

Canada Pension Plan (CPP) – Provides
income for workers after they retire. Every
employee between 18-65 must pay into it.
To estimate CPP deductions, use 4.95% of
your earnings up to a max. deduction of
\$2,163.15


Employment Insurance (EI) – A fund that
employees pay into to insure themselves against
being unemployed. To estimate, use 1.73% of
your earnings (up to earnings of \$43 200). Your
employer usually pays 1.4 times your
contribution into the fund.
THE MAXIMUM contribution amount for the
employee is \$747.36
THE FEDERAL GOVERNMENT TAXES YOUR
INCOME AT DIFFERENT RATES:
Taxable Income (\$)
0 to 31 677.00
Federal Tax Rate
16%
31 677.01 to 63 354.00
22%
63 354.01 to 103 000.00 26%

Provincial tax rates vary from province to
province…. Alberta is currently 10%
Go through the following example with the students
 Ex. Simon earns a biweekly salary of \$1152.
 a.
What is Simon’s gross yearly salary?

Biweekly = 26 times paid per year
 \$1152 x 26 = \$29 952


b. How much will Simon pay in CPP and EI each year?
CPP = 4.95% of gross earnings *change to a
decimal!* 4.95% = 0.0495
 \$29 952 x 0.0495 = \$1 482.62

EI = 1.73% of gross earnings *change to a
decimal!* 1.73% = 0.0173
 \$29 952 x 0.0173 = \$518.17




d.
How much Federal tax does Simon pay?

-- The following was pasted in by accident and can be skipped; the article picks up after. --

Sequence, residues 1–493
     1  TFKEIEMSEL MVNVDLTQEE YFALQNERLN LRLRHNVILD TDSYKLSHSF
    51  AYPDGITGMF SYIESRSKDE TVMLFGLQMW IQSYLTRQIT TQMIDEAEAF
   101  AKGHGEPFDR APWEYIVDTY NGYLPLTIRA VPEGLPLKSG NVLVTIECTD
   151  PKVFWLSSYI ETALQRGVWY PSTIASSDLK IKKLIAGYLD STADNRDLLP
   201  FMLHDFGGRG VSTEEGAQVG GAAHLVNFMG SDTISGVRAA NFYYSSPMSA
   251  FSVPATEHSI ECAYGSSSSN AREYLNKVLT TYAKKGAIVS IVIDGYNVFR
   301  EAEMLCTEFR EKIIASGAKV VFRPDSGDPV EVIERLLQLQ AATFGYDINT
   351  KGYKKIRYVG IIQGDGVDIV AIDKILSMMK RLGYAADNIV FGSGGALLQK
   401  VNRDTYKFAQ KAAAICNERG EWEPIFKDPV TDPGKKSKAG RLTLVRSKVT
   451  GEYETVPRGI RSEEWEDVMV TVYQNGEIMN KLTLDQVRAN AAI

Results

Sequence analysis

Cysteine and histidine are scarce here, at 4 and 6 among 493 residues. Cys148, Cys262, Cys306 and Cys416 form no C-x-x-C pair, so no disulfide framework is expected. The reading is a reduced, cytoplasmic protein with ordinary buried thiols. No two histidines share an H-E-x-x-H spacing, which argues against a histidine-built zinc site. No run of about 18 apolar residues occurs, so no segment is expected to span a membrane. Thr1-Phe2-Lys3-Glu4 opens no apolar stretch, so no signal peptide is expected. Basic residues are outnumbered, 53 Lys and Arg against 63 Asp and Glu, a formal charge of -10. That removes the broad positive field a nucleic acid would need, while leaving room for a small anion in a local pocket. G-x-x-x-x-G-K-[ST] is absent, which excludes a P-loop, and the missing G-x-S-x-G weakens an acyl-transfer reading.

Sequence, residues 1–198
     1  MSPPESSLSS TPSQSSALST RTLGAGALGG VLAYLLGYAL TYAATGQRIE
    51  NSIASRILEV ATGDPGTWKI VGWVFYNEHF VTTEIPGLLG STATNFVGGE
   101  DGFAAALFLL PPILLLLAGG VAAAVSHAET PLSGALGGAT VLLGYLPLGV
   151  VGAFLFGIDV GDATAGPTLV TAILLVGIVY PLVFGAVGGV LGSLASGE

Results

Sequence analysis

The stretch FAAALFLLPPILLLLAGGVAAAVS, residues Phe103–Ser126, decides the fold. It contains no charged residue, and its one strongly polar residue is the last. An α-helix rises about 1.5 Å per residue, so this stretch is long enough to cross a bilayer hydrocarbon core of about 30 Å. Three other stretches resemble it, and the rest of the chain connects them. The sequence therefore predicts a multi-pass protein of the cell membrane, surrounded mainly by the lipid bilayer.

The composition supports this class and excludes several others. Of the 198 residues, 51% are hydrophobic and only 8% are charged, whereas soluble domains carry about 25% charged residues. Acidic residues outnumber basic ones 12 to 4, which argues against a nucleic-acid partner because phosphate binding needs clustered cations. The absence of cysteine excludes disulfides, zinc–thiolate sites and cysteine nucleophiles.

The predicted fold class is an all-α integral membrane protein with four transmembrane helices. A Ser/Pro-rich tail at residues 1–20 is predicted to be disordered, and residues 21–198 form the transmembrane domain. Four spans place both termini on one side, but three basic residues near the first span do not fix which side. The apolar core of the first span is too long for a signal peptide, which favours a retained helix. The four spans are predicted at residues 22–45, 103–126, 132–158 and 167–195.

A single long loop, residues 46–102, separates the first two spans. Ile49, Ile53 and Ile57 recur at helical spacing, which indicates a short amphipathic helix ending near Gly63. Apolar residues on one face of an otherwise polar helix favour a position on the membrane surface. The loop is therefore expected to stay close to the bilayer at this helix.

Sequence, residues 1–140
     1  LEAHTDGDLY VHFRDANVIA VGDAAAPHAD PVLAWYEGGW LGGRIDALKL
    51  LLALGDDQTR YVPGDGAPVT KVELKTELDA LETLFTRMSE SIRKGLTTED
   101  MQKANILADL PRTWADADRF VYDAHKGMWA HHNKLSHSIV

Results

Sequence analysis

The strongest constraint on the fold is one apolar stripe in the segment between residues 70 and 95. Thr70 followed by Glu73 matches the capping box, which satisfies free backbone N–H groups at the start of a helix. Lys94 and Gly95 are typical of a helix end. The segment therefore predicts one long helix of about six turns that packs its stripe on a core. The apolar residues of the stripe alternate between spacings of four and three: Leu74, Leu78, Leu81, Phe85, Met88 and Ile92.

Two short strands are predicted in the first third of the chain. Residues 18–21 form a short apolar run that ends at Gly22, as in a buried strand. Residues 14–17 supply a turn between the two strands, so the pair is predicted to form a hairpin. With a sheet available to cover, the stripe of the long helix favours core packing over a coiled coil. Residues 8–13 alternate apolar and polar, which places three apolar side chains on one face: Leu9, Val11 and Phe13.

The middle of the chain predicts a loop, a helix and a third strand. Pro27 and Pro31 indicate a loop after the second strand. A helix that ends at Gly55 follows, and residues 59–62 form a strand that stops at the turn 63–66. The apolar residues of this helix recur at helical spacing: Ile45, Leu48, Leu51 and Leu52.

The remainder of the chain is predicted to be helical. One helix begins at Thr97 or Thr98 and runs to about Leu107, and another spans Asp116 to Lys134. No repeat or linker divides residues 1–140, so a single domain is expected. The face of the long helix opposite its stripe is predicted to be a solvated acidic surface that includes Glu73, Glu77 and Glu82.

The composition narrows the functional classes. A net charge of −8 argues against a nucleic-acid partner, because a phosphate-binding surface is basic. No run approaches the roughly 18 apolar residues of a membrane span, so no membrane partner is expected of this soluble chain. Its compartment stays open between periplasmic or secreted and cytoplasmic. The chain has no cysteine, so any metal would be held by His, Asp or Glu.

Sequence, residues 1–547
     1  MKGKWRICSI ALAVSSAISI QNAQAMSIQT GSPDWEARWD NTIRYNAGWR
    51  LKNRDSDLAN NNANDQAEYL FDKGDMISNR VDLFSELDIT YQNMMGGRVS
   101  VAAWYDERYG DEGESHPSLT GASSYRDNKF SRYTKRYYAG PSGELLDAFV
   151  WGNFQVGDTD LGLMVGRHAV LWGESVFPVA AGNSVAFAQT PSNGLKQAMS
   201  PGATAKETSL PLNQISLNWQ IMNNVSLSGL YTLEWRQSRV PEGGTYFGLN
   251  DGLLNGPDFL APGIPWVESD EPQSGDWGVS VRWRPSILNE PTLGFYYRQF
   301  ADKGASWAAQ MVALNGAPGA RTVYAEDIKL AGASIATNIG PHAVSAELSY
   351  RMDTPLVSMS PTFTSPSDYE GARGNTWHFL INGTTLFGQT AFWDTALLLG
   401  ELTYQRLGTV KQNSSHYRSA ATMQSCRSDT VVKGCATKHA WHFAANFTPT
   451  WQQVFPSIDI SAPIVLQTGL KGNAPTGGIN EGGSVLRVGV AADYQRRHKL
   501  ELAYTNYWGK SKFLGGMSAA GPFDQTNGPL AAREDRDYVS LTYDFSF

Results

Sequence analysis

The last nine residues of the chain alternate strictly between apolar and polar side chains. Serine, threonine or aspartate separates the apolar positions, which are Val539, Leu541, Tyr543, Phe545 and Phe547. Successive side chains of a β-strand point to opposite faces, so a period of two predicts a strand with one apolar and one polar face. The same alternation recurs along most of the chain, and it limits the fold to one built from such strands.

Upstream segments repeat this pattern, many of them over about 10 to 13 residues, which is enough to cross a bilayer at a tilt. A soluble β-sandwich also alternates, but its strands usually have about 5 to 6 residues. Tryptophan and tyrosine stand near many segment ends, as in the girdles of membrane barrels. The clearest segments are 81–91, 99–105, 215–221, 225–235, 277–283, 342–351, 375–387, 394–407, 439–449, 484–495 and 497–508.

\$29 952 Simon is in the first range (16%)
*change to a decimal!* = 0.16
\$29 952 x 0.16 = \$4 792.32

e.
How much provincial tax does Simon pay?
Alberta Income Tax rate is 10% *change to a
decimal!* = 0.10
 \$29 952 x 0.10 = \$2 995.20



f.
Determine Simon’s total year deductions
\$1 482.62+ \$518.17 + \$4 792.32+ \$2 995.20= \$9
788.31

g.
How much does Simon earn a year net?

\$29 952 - \$9 788.31 = \$20 163.69

h.
What is Simon’s biweekly take home pay?
*biweekly = 26 times paid per year!*
 \$20 163.69 / 26 = \$775.53

DAY 8: SELF EMPLOYMENT


Graphs are a visual way to represent data.
A circle graph is divided into pieces to represent
part of 100%. An entire circle graph should add
up to 100%.







For example:
50% of people prefer coke
25% prefer Pepsi
15% prefer sprite
And 10% prefer Root
Beer.
Draw a graph to represent
this 
*Notice that &frac12; of the
circle is represented by
coke (50%!)
IF YOU POLLED 325 PEOPLE, HOW MANY
WOULD YOU EXPECT TO PREFER COKE?


50% = 0.50
325 x 0.50 = 162.5 people
SO about 162 people (we cannot have half a
person!)
A BAR GRAPH REPRESENTS DATA WITH BARS:


About how many students take the bus in 5th
grade? Go to the top of the 5th grade bar, and look
to the left  about 80 students.
To construct a bar graph, create an appropriate
scale on the left-hand side (the up and down or Yaxis) and a scale on the bottom (the left to right
or X-axis).
ASSIGNMENT:
SELFEMPLOYMENTPROJECT.DOC
```